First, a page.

September 15 marks the beginning of National Hispanic Heritage Month, a month dedicated to celebrating the histories, cultures and contributions of American citizens whose ancestors came from Spain, Mexico, the Caribbean and Central and South America.
It also marks a dark time in our Nation’s history, where the federal government and Congress are increasingly calling for the closure of US borders; and targeting immigrant youth and families for deportation under the guise of “public safety.” This week, the US House of Representatives will vote on HR 3697, “The Criminal Alien Gang Removal Act”. If passed, the bill will create new vague and overly broad grounds of removability based on a sweeping new definition of "criminal gang," triggering racial profiling and putting the United States in violation of its international obligations to protect asylum seekers. This follows on the heels of the administration’s repeal of DACA in the next 6 months, a decision that will impact 800,000 young people and their families who have lived in this country since they were young children.
In solidarity with all the families and young people who are being unjustly targeted and in honor of National Hispanic Heritage month, we asked one of our spokespeople, Jesse De La Cruz, to write about his story and about what it means to be a justice-involved Latino youth in the United States.
I’m Jesse De La Cruz, a full-time college student and worker who grew up in the underserved community of South Central Los Angeles. I work smart and hard, both at school and work. This may be in my genes: I come from an immigrant family. My parents fled Mexico to the United States of America in the 1980’s to get opportunities towards a better life. They strongly believe in the American Dream, and so do I. But in this search for a new life, they quickly realized that the two jobs they had to work to keep up with the ever rising costs of living in our impoverished neighborhood in Los Angeles was far from the dream they had in mind. But our family was well aware that diligence and intelligence were keys for immigrants like us, especially youth, to defeat the sad incarceration statistics that far too many immigrant youth face. Unfortunately, I too succumbed to the gang violence, drug abuse, and crime wave that hit Los Angeles during my youth. Growing up in the Nickerson Gardens Housing Projects in Watts and South Central Los Angeles, these “activities” were sadly common. Today, as we kick off National Hispanic Heritage Month, and as a Latino youth facing increasing disenfranchisement and discrimination, it is critical for everyone to keep in mind that mass incarceration is a way of building a caste system and strip minorities from their rights; particularly immigrant youth. At the age of 15, I committed a carjacking in Los Angeles. I’m the sole responsible person for committing such regrettable hurtful act on a human; it’s a decision I will have to live with the rest of my life. I entered the Juvenile Justice system after going through a broken school system, a neglectful household, a crime-infested neighborhood, and a broken foster care system. Immediately, I realized that I committed an act on impulse and poor-decision making based on my youth; however, the court system didn’t recognize this. My probation officer recommended for me to be penalized as an adult. I was LUCKY to beat a Juvenile Fitness Hearing that determined if I would go to adult prison or a juvenile detention center; instead I was sentenced to 8 years in the California Youth Authority. As I entered this system, I quickly realized that youth here faced similar experiences of abuse growing up. There seemed to be a relation between crime and abuse. Meanwhile in the California Youth Authority, I quickly developed a love for education.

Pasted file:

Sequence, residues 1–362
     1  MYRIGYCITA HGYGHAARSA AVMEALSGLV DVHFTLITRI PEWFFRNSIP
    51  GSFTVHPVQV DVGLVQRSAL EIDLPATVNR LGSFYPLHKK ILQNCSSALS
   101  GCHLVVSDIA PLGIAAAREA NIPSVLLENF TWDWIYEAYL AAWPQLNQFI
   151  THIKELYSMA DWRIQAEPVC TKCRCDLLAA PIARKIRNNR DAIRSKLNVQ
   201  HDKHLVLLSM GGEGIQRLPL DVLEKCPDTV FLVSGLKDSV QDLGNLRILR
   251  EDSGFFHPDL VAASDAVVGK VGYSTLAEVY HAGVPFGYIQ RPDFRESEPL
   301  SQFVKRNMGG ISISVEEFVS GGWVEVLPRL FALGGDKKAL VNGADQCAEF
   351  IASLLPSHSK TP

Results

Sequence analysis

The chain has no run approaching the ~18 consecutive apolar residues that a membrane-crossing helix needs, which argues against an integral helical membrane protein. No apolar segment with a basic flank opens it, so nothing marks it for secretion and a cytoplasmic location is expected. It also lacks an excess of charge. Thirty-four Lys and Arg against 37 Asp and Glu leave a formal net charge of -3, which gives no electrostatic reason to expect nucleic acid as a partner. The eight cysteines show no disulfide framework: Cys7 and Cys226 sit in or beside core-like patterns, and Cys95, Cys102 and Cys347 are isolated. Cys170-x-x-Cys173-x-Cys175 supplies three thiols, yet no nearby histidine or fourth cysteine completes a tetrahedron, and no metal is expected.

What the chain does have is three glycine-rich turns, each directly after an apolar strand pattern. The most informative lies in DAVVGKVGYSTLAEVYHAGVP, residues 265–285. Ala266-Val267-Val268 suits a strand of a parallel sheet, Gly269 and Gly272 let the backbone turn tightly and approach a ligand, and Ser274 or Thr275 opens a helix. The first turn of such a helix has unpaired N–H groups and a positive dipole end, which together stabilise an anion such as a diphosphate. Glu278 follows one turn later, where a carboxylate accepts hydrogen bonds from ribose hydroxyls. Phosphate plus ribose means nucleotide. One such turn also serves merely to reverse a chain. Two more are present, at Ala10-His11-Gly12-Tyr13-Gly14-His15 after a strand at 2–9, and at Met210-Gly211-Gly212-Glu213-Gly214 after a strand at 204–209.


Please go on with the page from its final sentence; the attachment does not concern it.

As I became involved in the justice system, I soon realized that most of the other youth in there with me had had similar experiences and trauma as mine, if not worse. The vast majority of them were also youth of color. From there, it was very easy to put the pieces together and understand how so many Latinx youth across the country wind up behind bars. Compared to white youth, Latinx youth in the juvenile system are 4% more likely to be petitioned, 16% more likely to be adjudicated delinquent, 28% more likely to be detained, and 41% more likely to receive an out-of-home placement. The most severe disparities occur for Latinx youth tried in the adult system. Latinx children are 43% more likely than white youth to be waived judicially to the adult system and 40% more likely to be admitted to adult prison. And I learned first-hand that it doesn’t get easier once you get out.
Re-entering society has been an ongoing struggle. Employment, housing, resources and support were hard to come by as I was labeled an “at-risk” youth. Racial profiling by the LA police has also been a part of my daily life since I was a kid, and it continues today as I get regularly pulled over for “routine stops” when I’m just trying to get from point A to point B with my car.
Like me, many Latinx youth have to face many hardships very early on, much more than most people ever endure in their lifetime, and end up getting in trouble because they don’t know any other way. But when offered opportunities and care, they can also accomplish amazing things and turn their lives around, like I did. Today, I am proud to stand as a young leader in my community, trying to push for reforms in the school system, policy, and community engagement. Thanks to the support of many people and organizations like the Campaign for Youth Justice, I have developed a new perspective on life and have grown a strong mental fortitude to apply in life and continue building my future.